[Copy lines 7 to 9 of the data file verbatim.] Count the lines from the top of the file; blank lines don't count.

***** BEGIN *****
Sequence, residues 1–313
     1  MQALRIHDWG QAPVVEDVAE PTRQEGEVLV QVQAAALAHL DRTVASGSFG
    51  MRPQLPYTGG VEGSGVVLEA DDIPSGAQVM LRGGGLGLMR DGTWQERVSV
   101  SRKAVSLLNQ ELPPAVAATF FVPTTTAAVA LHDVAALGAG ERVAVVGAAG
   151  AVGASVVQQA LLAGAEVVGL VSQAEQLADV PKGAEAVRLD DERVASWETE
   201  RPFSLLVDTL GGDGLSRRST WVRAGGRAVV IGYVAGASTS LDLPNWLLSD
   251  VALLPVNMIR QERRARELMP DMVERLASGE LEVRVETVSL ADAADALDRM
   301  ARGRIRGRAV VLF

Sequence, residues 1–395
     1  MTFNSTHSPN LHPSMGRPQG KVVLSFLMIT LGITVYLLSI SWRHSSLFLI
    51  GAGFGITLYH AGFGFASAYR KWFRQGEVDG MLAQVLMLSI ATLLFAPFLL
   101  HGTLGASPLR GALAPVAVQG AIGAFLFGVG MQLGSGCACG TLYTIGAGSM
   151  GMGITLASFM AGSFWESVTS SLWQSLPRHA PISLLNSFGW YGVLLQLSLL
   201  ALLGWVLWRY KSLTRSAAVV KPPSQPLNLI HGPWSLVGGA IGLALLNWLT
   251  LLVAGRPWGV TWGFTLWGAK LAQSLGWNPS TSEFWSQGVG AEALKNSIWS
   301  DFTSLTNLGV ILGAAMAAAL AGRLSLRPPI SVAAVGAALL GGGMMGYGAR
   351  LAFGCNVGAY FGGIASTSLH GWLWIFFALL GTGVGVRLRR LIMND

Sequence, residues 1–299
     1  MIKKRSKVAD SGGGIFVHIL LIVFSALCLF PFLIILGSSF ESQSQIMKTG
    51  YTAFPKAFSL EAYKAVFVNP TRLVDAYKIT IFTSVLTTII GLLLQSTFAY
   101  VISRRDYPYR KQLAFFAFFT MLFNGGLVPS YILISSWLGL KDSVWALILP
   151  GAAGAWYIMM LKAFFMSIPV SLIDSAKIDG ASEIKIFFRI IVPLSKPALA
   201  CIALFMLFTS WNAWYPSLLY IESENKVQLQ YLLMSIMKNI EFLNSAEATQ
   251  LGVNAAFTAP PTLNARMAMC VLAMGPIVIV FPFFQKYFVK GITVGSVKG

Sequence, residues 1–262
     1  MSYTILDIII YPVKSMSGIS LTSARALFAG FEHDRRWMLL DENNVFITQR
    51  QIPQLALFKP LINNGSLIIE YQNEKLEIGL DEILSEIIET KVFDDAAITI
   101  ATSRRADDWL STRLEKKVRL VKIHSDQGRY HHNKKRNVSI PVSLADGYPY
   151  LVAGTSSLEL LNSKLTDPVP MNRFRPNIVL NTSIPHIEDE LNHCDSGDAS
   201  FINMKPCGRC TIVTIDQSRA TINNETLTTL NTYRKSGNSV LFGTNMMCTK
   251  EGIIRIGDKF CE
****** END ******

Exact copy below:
   251  VALLPVNMIR QERRARELMP DMVERLASGE LEVRVETVSL ADAADALDRM
   301  ARGRIRGRAV VLF

Sequence, residues 1–395